3 Reasons to Avoid Liquid Drain Cleaners

Liquid drain cleaner dos and don'ts

3 Reasons to Avoid Liquid Drain Cleaners

March 4, 2019

When one of your drains becomes fully or partially clogged, all you want to do is get it fixed as quickly and easily as possible. That’s why so many Seattle and Bellevue area homeowners turn to liquid drain cleaner – it seems like a quick, cheap solution to a frustrating problem. However, if you ask the Best Plumbing team, they’ll tell you that liquid drain cleaners come with their own set of issues. Here are three reasons to avoid them:

1. They Can Be Damaging to Your Pipes

Most liquid drain cleaners do their work by creating a chemical reaction with hydrochloric acid. This chemical is hard on pipes, especially if it sits on them for an extended period of time. It can melt or deform plastic pipes, and weaken or crack metal ones. Such damage can result in broken, leaky pipes down the line.

2. They Can Be Hazardous to Your Health

Liquid drain cleaners contain toxic chemicals that aren’t good for you, your family, or your pets. These cleaners often release strong fumes that can irritate your nose, eyes, and throat. If your space doesn’t have enough ventilation, these fumes can also hang in the air for a while afterward. Some liquid drain cleaners are also dangerous to touch, and can if they come into contact with your skin, may cause burns.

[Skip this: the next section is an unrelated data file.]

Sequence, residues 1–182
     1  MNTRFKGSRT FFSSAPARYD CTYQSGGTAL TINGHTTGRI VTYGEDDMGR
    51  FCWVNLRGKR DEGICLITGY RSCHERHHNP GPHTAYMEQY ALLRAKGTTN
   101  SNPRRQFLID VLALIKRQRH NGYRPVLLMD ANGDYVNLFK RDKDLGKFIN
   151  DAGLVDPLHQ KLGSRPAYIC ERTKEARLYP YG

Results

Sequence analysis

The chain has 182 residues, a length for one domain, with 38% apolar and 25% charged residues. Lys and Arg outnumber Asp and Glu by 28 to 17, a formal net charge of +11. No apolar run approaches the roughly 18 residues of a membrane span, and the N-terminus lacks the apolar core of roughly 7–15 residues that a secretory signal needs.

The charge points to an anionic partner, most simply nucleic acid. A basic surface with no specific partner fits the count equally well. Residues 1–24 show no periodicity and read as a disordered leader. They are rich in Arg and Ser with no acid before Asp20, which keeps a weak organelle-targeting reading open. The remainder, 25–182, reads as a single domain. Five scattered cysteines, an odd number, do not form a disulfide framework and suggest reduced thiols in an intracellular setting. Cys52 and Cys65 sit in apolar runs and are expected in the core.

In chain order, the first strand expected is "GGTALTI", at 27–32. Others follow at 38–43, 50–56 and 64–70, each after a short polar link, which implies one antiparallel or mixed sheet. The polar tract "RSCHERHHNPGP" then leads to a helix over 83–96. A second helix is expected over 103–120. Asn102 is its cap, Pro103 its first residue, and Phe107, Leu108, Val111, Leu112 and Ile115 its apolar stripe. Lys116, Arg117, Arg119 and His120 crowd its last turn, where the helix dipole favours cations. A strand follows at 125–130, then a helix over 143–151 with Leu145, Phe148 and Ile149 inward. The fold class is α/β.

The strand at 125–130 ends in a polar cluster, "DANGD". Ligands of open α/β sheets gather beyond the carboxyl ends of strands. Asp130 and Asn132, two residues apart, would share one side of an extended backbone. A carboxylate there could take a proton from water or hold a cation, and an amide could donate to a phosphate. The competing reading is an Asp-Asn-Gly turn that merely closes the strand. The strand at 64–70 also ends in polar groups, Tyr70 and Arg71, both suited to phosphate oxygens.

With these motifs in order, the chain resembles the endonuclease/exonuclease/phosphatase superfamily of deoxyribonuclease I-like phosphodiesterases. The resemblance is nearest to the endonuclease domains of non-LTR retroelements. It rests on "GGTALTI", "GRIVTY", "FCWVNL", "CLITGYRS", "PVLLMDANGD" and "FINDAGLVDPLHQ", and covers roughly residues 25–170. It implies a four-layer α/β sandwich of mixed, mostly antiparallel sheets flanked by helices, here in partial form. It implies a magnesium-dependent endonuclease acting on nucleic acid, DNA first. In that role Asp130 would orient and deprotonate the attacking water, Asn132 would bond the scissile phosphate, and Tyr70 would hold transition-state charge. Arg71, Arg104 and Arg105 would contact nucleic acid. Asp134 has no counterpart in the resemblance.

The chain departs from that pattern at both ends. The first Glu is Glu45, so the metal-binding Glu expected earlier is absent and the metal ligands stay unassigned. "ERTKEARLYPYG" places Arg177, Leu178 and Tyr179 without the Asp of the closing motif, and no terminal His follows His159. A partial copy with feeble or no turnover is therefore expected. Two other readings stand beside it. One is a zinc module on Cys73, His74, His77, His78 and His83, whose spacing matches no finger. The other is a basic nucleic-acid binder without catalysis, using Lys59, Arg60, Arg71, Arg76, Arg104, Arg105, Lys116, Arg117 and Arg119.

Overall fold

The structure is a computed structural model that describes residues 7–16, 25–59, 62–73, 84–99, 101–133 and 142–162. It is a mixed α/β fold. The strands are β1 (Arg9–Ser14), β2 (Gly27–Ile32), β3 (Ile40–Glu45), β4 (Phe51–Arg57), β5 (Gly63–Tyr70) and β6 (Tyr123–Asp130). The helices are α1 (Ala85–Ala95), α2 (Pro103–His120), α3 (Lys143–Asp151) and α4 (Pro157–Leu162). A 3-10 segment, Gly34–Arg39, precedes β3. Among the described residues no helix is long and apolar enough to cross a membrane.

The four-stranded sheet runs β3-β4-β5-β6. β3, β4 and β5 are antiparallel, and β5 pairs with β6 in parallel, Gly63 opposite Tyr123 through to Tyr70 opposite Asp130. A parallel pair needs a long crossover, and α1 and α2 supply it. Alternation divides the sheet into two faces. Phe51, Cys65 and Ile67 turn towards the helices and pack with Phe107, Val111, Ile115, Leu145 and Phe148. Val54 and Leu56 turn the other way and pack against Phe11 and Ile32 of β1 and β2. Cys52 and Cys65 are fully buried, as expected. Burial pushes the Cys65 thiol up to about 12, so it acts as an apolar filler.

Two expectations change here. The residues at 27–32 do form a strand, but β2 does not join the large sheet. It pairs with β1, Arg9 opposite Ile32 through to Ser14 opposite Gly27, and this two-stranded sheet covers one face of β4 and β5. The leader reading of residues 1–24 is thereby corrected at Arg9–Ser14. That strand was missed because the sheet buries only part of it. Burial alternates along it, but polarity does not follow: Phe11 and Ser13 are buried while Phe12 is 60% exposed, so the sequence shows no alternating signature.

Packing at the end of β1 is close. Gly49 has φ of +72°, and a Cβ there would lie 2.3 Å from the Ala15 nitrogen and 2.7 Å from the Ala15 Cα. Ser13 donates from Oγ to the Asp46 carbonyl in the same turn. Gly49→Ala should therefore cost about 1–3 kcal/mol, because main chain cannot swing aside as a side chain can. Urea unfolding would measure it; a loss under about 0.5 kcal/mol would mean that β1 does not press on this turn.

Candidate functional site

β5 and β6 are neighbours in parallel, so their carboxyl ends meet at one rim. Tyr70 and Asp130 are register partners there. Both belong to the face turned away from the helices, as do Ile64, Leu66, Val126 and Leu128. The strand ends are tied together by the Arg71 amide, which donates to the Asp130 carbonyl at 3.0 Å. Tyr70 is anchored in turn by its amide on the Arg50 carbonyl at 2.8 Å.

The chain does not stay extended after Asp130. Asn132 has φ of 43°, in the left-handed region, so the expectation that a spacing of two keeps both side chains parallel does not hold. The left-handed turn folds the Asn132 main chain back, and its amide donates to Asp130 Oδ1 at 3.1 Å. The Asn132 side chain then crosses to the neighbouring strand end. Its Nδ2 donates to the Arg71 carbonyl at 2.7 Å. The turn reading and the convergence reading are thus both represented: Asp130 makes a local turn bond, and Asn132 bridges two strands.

3. They May Not Be Effective

There are many possible causes of a clogged drain or pipe. Liquid drain cleaners may dissolve blockages of hair or grease, but they won’t fix more serious issues. If your clogged drain is caused by a broken pipe or sewer backup, it will likely take professional help to resolve it.

The next time you encounter a blocked drain, think twice before using liquid drain cleaners in your Seattle home. If you can’t fix your clogged pipe with a plunger or drain snake, call Best Plumbing for professional help. One of our expert plumbers will be able to diagnose the problem and find the right solution.


Photo Credits: © Kanttila, available under Creative Commons CCO.

Plumbing Archives